Lab-on-chip
A microsystem like this new separation chip has more advantages than the ones mentioned above: it is possible to add all kinds of functionality. It is not just the separation itself that takes place on-chip, but also detection and fluid preparation can be done. Blom has built a with a viscosity sensor: a small bridge over the channel slightly disturbs the fluid. The difference in pressure can be detected optically. The system is a new lab-on-chip, systems that are for large amounts of analyses at the same time.

Blom’s research is part of the research orientation MicroChemical Systems, within the MESA+ research institute of the University of Twente in The Netherlands (www.mesaplus.utwente.nl). It has been financially supported by the Dutch Technology Foundation STW (www.stw.nl). Blom has done his research in close cooperation with the Polymer Analysis group of the University of Amsterdam.

Wiebe van der Veen | alfa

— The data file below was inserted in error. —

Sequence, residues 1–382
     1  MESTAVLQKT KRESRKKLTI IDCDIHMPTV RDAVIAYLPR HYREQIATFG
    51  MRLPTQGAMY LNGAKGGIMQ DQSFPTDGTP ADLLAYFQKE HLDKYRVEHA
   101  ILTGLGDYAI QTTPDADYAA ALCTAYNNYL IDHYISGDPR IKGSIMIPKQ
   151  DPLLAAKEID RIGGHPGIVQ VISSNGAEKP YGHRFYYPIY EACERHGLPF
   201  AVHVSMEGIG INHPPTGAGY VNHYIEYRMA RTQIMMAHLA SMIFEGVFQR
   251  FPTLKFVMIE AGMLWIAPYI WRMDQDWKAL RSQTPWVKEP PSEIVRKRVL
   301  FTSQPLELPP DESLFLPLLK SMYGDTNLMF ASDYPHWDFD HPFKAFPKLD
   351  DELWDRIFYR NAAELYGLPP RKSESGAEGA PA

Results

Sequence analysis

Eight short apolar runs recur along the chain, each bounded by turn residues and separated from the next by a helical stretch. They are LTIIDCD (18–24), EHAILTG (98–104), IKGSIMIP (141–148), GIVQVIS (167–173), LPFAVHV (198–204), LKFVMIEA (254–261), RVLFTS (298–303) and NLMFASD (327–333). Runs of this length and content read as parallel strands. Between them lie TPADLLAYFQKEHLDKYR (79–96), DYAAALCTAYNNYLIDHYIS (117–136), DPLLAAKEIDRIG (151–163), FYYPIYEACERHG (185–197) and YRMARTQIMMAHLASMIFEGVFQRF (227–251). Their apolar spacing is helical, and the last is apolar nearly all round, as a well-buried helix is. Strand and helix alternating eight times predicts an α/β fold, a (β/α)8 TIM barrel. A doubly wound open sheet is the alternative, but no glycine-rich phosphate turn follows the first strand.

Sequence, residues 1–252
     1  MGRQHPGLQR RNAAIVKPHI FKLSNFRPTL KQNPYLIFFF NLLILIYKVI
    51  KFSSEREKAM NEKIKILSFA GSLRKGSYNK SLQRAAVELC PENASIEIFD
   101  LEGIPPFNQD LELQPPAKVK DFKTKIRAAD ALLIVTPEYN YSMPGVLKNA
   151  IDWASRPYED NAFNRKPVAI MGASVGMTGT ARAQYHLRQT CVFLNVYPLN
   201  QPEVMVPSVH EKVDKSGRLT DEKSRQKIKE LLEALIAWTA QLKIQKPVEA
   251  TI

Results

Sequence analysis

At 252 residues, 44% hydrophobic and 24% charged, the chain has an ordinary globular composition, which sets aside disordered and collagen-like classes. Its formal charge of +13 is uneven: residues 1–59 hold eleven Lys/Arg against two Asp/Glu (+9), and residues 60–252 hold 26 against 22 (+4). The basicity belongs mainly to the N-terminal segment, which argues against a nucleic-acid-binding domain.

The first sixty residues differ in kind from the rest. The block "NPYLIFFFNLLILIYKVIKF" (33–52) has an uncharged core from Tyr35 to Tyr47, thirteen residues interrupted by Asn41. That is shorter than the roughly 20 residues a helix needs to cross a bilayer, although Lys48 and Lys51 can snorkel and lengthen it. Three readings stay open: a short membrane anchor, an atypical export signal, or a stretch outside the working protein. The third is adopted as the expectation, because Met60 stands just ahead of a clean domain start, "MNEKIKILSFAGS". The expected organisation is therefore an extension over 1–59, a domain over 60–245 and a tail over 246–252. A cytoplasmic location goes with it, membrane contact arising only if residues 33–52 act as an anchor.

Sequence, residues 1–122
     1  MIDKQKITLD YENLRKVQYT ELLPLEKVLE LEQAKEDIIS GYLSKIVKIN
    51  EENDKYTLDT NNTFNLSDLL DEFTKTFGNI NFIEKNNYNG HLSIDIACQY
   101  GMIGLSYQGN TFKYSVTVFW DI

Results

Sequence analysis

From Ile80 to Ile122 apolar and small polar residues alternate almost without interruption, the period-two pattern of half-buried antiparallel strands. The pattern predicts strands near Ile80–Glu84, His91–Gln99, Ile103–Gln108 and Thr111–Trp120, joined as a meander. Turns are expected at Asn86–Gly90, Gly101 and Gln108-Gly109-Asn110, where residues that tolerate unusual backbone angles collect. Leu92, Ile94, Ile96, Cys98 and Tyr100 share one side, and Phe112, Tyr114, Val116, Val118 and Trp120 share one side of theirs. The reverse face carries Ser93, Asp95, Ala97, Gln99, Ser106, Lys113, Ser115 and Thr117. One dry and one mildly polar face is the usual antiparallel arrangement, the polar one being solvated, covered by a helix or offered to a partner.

More articles from Life Sciences:

nachricht Individual Receptors Caught at Work
19.10.2017 | Julius-Maximilians-Universität Würzburg

nachricht Rapid environmental change makes species more vulnerable to extinction
19.10.2017 | Universität Zürich

All articles from Life Sciences >>>

The most recent press releases about innovation >>>

Die letzten 5 Focus-News des innovations-reports im Überblick:

Im Focus: Neutron star merger directly observed for the first time

University of Maryland researchers contribute to historic detection of gravitational waves and light created by event

On August 17, 2017, at 12:41:04 UTC, scientists made the first direct observation of a merger between two neutron stars--the dense, collapsed cores that remain...